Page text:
x = np.arange(-3,3,0.001)

y = np.exp(-x**2) + np.random.normal(scale=0.001,size=x.size)

plt.plot(x,y)

plt.savefig('test.png')

plt.savefig('test.pdf')

[end]

A sample output is attached, and close inspection shows that the PNG is a smooth curve with a small amount of noise while the PDF version has very noticeable changes in direction from one line segment to the next.

<<test.png>> <<test.pdf>>

The simplification algorithm (agg_py_path_iterator.h) does the following:

If line2 is nearly parallel to line1, add the parallel component to the length of line1, leaving it direction unchanged

which results in a new data point, not contained in the original data. Line1 will continue to be lengthened until it has deviated from the data curve enough that the next true data point is considered non-parallel. The cycle then continues. The result is a line that wanders around the data curve, and only the first point is guaranteed to have existed in the original data set.

Instead, could the simplification algorithm do:

If line2 is nearly parallel to line1, combine them by removing the common point, leaving a single line where both end points existed in the original data

Thanks again,

Andrew Hawryluk

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--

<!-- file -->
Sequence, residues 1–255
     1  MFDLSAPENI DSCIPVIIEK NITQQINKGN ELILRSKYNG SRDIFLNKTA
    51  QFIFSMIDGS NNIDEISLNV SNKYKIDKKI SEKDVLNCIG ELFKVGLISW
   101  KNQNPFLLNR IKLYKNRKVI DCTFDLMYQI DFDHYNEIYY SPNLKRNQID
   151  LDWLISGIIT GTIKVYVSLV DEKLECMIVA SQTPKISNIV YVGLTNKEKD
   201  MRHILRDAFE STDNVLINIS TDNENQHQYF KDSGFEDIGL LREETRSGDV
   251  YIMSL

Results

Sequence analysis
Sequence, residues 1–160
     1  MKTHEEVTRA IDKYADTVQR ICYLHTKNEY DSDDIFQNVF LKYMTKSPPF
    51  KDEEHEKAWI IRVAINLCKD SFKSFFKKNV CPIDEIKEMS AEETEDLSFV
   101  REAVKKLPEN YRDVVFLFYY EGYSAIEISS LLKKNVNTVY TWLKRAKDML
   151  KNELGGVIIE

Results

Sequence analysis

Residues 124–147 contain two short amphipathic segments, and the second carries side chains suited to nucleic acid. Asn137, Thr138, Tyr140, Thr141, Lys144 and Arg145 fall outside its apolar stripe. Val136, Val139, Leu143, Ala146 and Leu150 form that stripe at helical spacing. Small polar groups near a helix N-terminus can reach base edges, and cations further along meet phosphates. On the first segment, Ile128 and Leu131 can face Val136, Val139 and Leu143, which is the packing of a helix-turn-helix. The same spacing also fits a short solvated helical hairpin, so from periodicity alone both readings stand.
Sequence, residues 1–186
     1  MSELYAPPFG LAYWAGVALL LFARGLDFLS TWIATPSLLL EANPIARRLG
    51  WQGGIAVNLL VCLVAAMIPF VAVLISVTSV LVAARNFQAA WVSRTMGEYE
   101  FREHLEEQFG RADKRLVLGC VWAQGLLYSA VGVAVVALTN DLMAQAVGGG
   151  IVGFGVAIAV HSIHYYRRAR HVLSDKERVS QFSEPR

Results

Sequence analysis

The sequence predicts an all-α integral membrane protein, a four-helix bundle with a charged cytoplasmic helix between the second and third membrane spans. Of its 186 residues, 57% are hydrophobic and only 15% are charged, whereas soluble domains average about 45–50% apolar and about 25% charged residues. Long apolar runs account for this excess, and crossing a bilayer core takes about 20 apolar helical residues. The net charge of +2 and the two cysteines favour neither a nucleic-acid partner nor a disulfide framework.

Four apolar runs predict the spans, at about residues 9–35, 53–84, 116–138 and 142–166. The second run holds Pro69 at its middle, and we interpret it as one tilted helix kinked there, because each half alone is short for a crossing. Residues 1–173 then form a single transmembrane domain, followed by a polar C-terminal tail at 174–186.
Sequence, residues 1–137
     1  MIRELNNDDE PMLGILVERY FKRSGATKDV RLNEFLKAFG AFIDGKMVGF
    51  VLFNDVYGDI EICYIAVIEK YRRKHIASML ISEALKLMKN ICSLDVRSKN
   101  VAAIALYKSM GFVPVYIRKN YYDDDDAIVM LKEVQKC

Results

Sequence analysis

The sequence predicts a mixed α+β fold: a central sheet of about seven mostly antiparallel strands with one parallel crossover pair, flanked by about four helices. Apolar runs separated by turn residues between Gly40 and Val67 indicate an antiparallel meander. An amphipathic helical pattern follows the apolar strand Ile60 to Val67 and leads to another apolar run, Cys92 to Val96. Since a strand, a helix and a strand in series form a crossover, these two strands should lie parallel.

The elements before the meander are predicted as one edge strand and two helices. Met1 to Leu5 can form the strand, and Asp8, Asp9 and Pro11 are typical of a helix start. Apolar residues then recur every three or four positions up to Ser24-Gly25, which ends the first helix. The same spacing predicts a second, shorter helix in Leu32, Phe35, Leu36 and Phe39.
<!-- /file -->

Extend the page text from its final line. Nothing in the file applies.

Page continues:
Michael Droettboom
Science Software Branch
Operations and Engineering Division
Space Telescope Science Institute
Operated by AURA for NASA

Michael Droettboom wrote:

Andrew Hawryluk wrote:

I�m really excited about the new path simplification option for vector output formats. I tried it the first time yesterday and reduced a PDF from 231 kB to 47 kB. Thanks very much for providing this feature!

However, I have noticed that the simplified paths often look more jagged than the original, at least for my data. I can recreate the effect with the following:

[start]

import numpy as np

import matplotlib.pyplot as plt

x = np.arange(-3,3,0.001)

y = np.exp(-x**2) + np.random.normal(scale=0.001,size=x.size)

plt.plot(x,y)

plt.savefig('test.png')

plt.savefig('test.pdf')

[end]

A sample output is attached, and close inspection shows that the PNG is a smooth curve with a small amount of noise while the PDF version has very noticeable changes in direction from one line segment to the next.

<<test.png>> <<test.pdf>>

The simplification algorithm (agg_py_path_iterator.h) does the following:

If line2 is nearly parallel to line1, add the parallel component to the length of line1, leaving it direction unchanged